Let’s Dance: Popular Dance Styles for Seniors
Ready to feel better, enjoy time with friends, and boost your health? Put on your dancing shoes. Dance offers many health benefits, including better balance and coordination and a potential delay of dementia onset. Among the popular styles of dance for seniors are line dancing, ballroom, tap, and even belly dance. Here are some tips for finding a class, learning a new type of dance, and getting started—even if you have mobility issues or have never danced before.
First, the science behind how dance helps you feel better. A 21-year long study of seniors run by New York’s Albert Einstein College of Medicine found that among the activities studied – including walking, biking, swimming, golfing, and frequent social dancing–only dancing offered any protection against dementia. What’s more, dancing reduced the dementia risk of the seniors in the study by 76%. Reading cut their risk by 35%, and frequent crossword puzzles reduced it by 47%.
According to an article shared by Stanford Unviersity’s dance division, dance may protect the mind by helping it stay alert to new possibilities that require frequent, quick decision-making, such as when you’re following a partner’s lead during a foxtrot.
That dementia study is especially good news for adults who came of age when social partner dancing had a more structure than the club and rave dancing that’s popular today. Whether you’re more into the twist, the hustle, or waltzes and salsa dance, social ballroom dance is a great option for seniors. Ballroom dance is also great for preventing falls, according to a study from Brazil.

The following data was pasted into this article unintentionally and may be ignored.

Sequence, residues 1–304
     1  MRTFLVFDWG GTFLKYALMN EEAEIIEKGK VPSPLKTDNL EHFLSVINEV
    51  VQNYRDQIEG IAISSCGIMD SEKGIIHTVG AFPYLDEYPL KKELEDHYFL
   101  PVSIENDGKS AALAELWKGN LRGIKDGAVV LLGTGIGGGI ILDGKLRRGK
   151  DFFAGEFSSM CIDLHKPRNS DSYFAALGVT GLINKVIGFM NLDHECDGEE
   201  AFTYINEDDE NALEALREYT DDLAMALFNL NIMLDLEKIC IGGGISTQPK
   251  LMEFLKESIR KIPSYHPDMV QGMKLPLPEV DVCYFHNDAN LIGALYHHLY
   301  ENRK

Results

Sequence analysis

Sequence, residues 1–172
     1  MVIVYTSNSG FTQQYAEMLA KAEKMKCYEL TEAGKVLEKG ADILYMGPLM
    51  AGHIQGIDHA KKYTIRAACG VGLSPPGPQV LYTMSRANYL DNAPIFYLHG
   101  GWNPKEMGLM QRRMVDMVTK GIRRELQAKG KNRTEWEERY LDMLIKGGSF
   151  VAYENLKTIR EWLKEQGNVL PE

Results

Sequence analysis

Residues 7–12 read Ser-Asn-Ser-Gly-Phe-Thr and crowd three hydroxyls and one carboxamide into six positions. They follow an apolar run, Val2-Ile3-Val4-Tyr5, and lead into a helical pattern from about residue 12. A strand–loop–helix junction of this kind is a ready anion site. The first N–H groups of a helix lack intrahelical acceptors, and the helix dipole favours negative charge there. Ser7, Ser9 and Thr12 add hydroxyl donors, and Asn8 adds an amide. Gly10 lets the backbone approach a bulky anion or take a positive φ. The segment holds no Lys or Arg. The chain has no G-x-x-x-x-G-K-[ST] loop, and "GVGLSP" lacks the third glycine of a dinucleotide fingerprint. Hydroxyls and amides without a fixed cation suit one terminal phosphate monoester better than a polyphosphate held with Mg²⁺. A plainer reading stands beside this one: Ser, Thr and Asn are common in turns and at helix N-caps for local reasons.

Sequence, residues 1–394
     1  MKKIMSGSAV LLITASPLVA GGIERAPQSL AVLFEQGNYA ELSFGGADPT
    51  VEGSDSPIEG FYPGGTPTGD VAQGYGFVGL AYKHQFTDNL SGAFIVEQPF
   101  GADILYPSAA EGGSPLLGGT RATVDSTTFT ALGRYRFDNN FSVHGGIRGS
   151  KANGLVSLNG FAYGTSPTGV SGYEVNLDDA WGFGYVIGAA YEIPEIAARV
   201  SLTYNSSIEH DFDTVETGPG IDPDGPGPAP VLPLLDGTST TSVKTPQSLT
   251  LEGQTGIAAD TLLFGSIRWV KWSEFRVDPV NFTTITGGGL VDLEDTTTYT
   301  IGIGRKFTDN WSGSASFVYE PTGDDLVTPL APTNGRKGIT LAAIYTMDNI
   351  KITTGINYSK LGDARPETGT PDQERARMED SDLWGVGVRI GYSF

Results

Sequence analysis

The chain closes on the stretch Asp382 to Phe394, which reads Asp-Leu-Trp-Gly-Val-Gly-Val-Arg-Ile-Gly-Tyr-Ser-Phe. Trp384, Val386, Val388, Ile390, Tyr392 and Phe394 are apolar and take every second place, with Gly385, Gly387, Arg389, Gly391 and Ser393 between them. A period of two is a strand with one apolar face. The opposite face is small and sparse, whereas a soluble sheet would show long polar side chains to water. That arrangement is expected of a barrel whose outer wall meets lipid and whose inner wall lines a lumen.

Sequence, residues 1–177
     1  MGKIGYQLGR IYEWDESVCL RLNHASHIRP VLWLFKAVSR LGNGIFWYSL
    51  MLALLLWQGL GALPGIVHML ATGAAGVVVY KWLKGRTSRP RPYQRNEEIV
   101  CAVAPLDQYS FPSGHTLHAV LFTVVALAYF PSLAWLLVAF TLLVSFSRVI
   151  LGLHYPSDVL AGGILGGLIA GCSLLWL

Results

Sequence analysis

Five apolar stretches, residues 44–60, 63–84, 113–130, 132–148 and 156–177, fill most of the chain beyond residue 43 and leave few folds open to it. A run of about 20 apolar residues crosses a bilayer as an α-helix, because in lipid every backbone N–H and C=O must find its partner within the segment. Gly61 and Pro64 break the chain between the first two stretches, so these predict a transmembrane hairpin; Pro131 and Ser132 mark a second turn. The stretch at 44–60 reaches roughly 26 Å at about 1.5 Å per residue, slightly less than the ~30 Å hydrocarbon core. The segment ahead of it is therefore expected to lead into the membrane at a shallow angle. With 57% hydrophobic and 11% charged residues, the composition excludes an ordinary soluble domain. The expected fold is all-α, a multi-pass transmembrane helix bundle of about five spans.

You don’t need to have a partner, either, although it’s fun to go to class with someone you know. Most instructors will pair up students once class begins. Yes, You Can Dance in Lebanon, Pennsylvania, tailors ballroom dance classes to adults age 60 and up, including students who use walkers and wheelchairs.
Line dancing offers the social aspects of group dance without the challenge of leading or following a partner. Line dancing is also a great skill to have when you’re at a country and western club, a wedding reception, or another big social gathering, because it’s easy for everyone to join in. Youthful Hearts in Marin County, California offers line dance classes just for students over 50.
Fans of classic movie and Broadway musicals may really get into tap dancing. It’s not usually a partner dance, but for building leg strength, balance, and quickness of movement, it’s hard to beat. Look for an adult beginner class and invest in a good fitting, sturdy pair of tap shoes. Some teachers, like Sarah Draper of Houston, offer seniors-only beginner and intermediate classes and even performing groups.
This folkdance and film-inspired form of Middle Eastern movement is surprisingly popular among older women (and some men), thanks to its ability to create stronger core muscles without putting undue strain on hips and knees. There are belly dance instructors in just about every city in America. Some, like the Alvin Ailey Dance Foundation, offer classes that blend fitness principles with Egyptian-style dance moves.
What to look for in a senior dance class
If you can, talk to the instructor before your first class to find out if he or she has experience teaching older adults. You should also ask if the teacher or staff has first aid and CPR training. Find out what you should wear and bring to class, and whether it’s OK to arrive a few minutes early to settle in. Then show up, have fun, and enjoy your new moves.